The word ‘sustainable’ has been appearing everywhere recently. New eco-friendly products, certain fisheries, agricultural and land management programs, even new housing developments bear the sustainable brand. People talk about leading more sustainable lives, buying sustainable food, and using sustainable energy. What do we really mean when we says sustainable? Is something sustainable just because it is renewable or is there a deeper sustainable ethic?
For the first Science and Sustainability open thread, we want to know what sustainable means to you. When you decide that something is sustainable, what qualities do you value? Where do you draw the line between sustainable and un-sustainable? Is there a binary, or can some things be more sustainable than others? And finally, when decide what is and is not sustainable, who do you trust?
Sustainability goes beyond renewable- specific components of rainforests are nearly all renewable, but slash and burn agriculture in them is not sustainable.
Sustainable is more of a continuum than a binary, with an ideal gold-standard of sustainable meaning ‘we can do this just as we are doing this for as far as we can project’.
In general, I assume local is going to be more sustainable than non-local, and less frequent use of pesticides or antibiotics is probably good (thus, the USDA organic label is better than non-organic, but not necessarily by a huge margin). There’s so much ‘greenwashing’ that I really don’t know who to trust on this issue though, which is probably the biggest problem. It’s not easy to tell what is sustainable.
I am constantly striving for a sustainable lifestyle, which I define as living in a way that yields greater, not less, environmental benefits and services for future generations.
But I don’t think such a lifestyle is yet possible for us. So it is an ideal to strive for. And by striving, we can push technology and social norms further towards those truly sustainable solutions.
I also think how we should live differs for each person. It is really about what each person’s capabilities are given their geographies, government policies, local infrastructures, incomes, etc. So we all should regularly ask ourselves, are living as sustainably as possible? I try to set aside a little time each month to look into a new area for improvement. My focus is always on the “lowest hanging fruit.” I’ve gotten great inspiration from the Zero Waste Home blog as of late (though it’ll be a long time till I get anywhere close to what they do).
In practice, I bike and take only public transport. I eat local and organic when possible and budget permitting. I never eat fish from poorly managed fisheries. I minimize my plastics use and take shorter showers. I make my own home cleaners. I try to buy less and borrow more. I live in a small apartment because I don’t want the footprint. And as my income goes up, I’ll focus on carbon offsets for my travel, getting a small home powered by renewables, growing my own veggies, and donating to pro-environment causes (including anti-poverty work).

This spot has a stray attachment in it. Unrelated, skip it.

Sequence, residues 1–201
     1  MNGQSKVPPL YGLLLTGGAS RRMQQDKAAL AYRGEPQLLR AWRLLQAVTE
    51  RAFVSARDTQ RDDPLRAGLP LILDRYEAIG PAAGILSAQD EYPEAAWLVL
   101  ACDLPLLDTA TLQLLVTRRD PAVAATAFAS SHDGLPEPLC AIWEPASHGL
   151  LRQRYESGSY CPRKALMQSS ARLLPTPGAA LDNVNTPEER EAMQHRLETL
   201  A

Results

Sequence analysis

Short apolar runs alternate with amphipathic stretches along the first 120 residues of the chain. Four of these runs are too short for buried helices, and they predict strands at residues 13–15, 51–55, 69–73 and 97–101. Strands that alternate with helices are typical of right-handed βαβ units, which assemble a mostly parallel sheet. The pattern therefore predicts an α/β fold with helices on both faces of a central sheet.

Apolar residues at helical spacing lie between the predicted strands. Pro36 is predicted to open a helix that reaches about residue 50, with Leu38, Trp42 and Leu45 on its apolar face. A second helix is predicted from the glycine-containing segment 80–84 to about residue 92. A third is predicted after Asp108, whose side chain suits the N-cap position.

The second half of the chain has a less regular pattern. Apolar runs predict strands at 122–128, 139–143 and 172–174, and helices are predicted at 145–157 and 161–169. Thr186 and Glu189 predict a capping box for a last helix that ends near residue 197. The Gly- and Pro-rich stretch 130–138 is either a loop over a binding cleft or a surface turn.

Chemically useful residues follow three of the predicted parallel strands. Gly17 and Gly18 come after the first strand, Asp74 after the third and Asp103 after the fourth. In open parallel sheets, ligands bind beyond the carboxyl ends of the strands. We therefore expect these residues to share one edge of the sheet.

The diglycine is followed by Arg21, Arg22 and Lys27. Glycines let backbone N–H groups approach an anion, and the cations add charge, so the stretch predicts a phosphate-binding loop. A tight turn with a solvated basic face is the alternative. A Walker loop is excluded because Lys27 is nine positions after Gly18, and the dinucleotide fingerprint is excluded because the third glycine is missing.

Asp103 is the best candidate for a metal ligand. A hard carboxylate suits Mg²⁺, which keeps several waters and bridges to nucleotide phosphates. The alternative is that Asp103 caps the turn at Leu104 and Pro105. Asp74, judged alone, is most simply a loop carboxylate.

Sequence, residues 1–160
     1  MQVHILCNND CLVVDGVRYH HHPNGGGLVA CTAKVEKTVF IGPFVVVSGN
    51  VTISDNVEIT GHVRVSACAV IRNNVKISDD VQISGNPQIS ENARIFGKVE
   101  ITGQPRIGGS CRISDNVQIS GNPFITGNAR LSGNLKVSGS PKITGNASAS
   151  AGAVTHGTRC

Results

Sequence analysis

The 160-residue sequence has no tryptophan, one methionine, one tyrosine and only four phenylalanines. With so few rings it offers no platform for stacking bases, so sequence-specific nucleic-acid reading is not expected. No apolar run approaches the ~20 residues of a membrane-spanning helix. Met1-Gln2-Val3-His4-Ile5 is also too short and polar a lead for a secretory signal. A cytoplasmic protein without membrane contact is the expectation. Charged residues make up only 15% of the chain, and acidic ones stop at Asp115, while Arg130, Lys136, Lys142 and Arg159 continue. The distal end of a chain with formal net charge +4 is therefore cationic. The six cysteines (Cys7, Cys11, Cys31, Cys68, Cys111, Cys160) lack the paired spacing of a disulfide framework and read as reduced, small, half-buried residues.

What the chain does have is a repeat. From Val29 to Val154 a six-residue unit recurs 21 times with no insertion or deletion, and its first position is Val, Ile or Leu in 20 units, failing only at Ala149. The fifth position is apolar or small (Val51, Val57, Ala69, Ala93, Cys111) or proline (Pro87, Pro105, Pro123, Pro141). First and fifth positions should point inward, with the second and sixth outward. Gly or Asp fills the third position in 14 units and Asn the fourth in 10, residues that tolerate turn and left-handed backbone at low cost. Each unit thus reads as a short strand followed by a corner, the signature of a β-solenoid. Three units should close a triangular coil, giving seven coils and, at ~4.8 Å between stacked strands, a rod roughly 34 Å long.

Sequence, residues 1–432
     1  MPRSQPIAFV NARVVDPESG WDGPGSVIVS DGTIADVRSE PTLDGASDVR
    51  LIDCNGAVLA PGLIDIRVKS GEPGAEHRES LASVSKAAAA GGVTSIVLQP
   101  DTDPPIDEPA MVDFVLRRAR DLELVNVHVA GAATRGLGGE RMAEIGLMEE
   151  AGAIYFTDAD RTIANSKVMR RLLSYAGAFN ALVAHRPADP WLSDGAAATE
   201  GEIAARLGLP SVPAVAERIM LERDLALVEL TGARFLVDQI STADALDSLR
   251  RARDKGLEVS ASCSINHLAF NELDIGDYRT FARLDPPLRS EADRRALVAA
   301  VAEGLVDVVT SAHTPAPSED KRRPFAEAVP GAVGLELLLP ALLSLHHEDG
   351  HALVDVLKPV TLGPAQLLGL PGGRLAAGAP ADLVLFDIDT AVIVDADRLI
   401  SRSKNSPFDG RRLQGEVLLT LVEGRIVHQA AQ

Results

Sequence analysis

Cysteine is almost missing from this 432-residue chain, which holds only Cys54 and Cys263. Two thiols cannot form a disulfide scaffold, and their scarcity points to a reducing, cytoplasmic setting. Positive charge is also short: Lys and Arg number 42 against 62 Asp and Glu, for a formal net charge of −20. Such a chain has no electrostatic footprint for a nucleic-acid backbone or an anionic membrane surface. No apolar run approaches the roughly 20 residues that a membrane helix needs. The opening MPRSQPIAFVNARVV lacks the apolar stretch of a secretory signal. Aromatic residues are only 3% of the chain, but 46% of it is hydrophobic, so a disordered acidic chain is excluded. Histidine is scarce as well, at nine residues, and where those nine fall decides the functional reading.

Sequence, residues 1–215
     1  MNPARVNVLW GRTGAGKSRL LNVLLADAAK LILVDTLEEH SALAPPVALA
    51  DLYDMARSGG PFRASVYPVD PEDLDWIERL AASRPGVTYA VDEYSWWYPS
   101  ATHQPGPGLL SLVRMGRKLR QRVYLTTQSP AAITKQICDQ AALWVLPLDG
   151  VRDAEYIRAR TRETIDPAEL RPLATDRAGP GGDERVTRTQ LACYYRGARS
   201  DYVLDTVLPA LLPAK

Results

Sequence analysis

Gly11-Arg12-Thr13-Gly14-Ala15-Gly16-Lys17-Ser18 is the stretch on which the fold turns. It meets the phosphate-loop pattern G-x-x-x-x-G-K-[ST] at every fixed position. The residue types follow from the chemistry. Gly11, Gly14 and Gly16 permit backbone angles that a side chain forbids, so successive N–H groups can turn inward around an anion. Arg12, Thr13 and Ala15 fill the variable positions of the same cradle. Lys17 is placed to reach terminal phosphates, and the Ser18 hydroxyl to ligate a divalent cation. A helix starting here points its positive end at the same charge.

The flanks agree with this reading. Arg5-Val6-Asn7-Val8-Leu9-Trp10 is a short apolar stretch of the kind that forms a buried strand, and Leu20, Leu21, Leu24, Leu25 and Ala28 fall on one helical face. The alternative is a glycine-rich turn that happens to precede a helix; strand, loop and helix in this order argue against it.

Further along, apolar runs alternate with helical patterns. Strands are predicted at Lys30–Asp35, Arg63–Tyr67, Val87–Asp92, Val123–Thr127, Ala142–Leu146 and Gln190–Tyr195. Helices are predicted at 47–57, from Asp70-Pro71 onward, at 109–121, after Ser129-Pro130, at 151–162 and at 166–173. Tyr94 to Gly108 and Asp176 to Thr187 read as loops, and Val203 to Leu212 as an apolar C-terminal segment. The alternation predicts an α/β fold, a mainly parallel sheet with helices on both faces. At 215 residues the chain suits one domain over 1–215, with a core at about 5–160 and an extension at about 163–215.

Some suggest that going “off the grid” or living a hyper-aware, singularly eco-focused lifestyle is the answer. But I really disagree here. To appreciate our planet, we can’t check out of human society, nor can we spend every moment micro-managing our behavior.
Sometimes I feel very pessimistic about hope for the future; that people won’t be able to make the changes needed in time. Since the pressure is on, and one of the primary points of sustainability is that the changes needed must be done in a timely matter since, essentially, we’re running out of time here on earth. It’s a huge, mind-boggling problem; how do we get billions of people to make meaningful changes to their lifestyles? How does ANYONE get huge companies to change their exploitative and environmentally (amongst other things)-harmful ways of making money (and maybe the “world” go round?)? Frankly, it’s discouraging and might cause people to want to throw in the towel ahead of time without putting in sustainable effort all the way.
I fall prey to this defeatist attitude sadly, quite often. I hear about -certain religious zealots- in the USA talk about how all nonrenewable resources can be consumed to their hearts’ content since God will “take care” of the problem, so there’s nothing to worry about. I’ll be depressed at all the extravagant waste that’s being made daily in everyone’s lives; the wrappers, plastics, napkins, little trinkets designed for one-use-only prevalent everywhere! In any restaurant! Any food or drink shop! Any grocery store! ANYWHERE! It’s just a mass-produced collage of junk that has become a part of the industrialized-world’s life – how can we undo that in the timely manner required?
I should mention then what I feel defines sustainability. Besides the obvious dictionary-esque “rate of consumption does not exceed the rate of production and waste,” I also feel it extends into the foundations of any society or population. Consumption, production, and waste should ideally be a functional cycle where all works in harmony, not harm. However with the century’s last boom of toxic and non-biodegradable daily items, and the huge boom of human population everywhere, it appears that essential cycle is severely lopsided.
I know a defeatist attitude won’t go any good, but I’m acknowledging that it’s very plausible, especially if one is wanting to have hope and to help the cause! But it seems such a gargantuan issue that can only the meaningful chunks can be made by the huge corporate and money-hungry companies that run the world, and lead it headlong into a non-sustainable disaster. We can only start small as individuals but, when are the big players going to really help and give us hope in turn?
So this then was the crux of the recent 10th anniversary meeting of Marine Stewardship Council. What is sustainable, and what should MSC logo mean re: sustainable seafood. to say the least it was an interesting meeting with people from all over the stakeholder space involved.